Yes, sometimes we fight — and hard

Kurt Schlichter notes the difference between piousness and passivity:   (H/T Vox Day)

Jesus was not some sort of whiny wimp who refused to confront the establishment and took comfort in his own righteousness while leaving others to do the heavy lifting. Jesus made people angry, because that’s what happens when you defy bad people. Being a Christian does not mean that you have to shrug and let the likes of Hillary Clinton be elected so she and her minions can fire up her anti-faith pogrom against those of us who dare worship God and not the elite she represents. Maybe you didn’t notice, but they do not accept the concept that we have any legitimate interests or rights. They hate us. And, if we are weak and stupid enough to allow them to take power, they will act on their bigotry and prejudices. Baking cakes is only the start.

Resistance is not merely an option. It is a duty. And resistance to evil – because the desire to suppress our faith is evil – is not somehow unchristian because it can be aesthetically displeasing. Fighting back is not always pretty. Jesus cleared the temple of moneychangers. He made a mess and got people angry. He didn’t sit on the sidelines and write ponderous articles lambasting the people tossing over the tables because “We’re better than that.”  …

We don’t care because we are done seeing our morality weaponized against us. The Piouscons keep confusing passivity with morality.

The entire piece is worth your time.  Trump has many faults, but it seems pretty clear he is a patriot and someone who desires the restoration of good governance.  Despite my initial misgivings about him, I’ll take that over Hillary’s faux-Methodist globalism and personal aggrandizement any day.  We are to pray for our leaders, however gifted or flawed they are.  Let’s remember that the same God who can use flawed people to achieve His purposes is more than capable of changing those flawed people as well.  It’s been a pleasant surprise to see how faithful Trump has been to his campaign promises.  How much more of a surprise would it be to find that in seeking to combat the evil in our land, he found the Christ who is best able to defeat it?

Pray hard, Christians!

Advertisements

Where have all the Christians gone?

This is a lengthy excerpt.  I recommend you read the entire piece here.

A generation ago pop star Bonnie Tyler famously asked: “Where have all the good men gone?”

Since then, the situation has only gotten worse, Bonnie.  As C.S. Lewis noted, men in the English-speaking world have largely been emasculated, and men in the Church are seldom an exception to this decades-long trend.

To stand strong for one’s faith in Jesus Christ and push back against a culture that, in the words of Isaiah 5:20, “call[s] evil good and good evil” is to be “divisive,” “unloving,” “bigoted,” and “intolerant.”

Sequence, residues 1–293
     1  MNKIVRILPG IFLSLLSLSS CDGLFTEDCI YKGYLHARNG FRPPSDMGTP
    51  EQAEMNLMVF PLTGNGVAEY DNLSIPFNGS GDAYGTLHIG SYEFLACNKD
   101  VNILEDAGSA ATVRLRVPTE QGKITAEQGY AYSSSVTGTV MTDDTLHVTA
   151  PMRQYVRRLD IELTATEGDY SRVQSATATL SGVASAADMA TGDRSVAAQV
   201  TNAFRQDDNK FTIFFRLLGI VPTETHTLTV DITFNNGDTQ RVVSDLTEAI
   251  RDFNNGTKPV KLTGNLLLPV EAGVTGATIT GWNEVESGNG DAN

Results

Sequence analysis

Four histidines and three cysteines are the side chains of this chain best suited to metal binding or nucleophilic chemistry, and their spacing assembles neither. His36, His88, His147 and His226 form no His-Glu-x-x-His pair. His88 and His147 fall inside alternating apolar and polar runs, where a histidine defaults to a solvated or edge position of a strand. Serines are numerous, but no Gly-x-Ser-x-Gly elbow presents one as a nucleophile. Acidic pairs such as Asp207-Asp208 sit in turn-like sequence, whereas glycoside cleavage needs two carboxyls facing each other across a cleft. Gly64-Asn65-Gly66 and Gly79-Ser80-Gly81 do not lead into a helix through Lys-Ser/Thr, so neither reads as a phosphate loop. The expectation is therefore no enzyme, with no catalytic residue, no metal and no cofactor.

This is because evangelicals have confused Christ’s command to love others with being likable, as if that were an attribute of God. (It isn’t.)  As such, they endeavor to be, above all else, inoffensive and polite.  This doctrinal malpractice has given us a generation of men who are what Lewis called “men without chests.”  …

I urge you instead to be offended by the way our God’s name is blasphemed in our country every day; by the 54 million children murdered in the holocaust of abortion since 1973; by the sordid sexual agenda that is eroding the very fabric of Western civilization; by the fact that Christians are dying for their faith, largely at the hands of Muslims, at a rate of 100,000 per year; and, most of all, by the reality that these things are being ignored, trivialized, or celebrated.  These are things that offend me deeply, and I hope they offend you, too.  Righteous anger has a place within the Christian life.  Tap into it.  In the words of Ephesians 4:26, “Be angry and do not sin.”   …

Evangelical Christians comprise a hefty 26 percent of the U.S. population. I fully believe that if they were to find their voices, their courage, and were to dispense with candy-assed Christianity, that we would see a Great Awakening in America.

Agreed.  Christ himself on several occasions was contemptuous with the authorities of the day, and felt no need to be “nice” to the those who wore the trappings but denied the Truth.  The Church should worry less about getting along with the world, and more about challenging that world, whatever the cost.  We need Paul’s persistence, not Osteen’s opulence.

Answering the question

Many people, including me, are asking frequently this year how our electoral choices came to be so ridiculously horrid.  Where is the honorable candidate?  The one who has been consistently honest and not self-serving?  Why are there no leaders we can trust?

We have to admit we ourselves are at least partially to blame.  Humanity is a lousy judge of character, because the “the heart is deceitful above all things and desperately sick.  Who can understand it?”

Let’s face it, at least today of all days: when the Perfect Leader showed up, many centuries ago, this is what we did to Him:

Crucifixion-3-Crosses

We were offered the Bread of Life, and the crowd called for Barabbas instead.  It shouldn’t be a surprise to realize our choices have been ever-more problematic since then.  Just remember that Christ still wears the crown He won that day, and no matter who wins the Presidency, they will one day bow the knee to the One who is Faithful and True.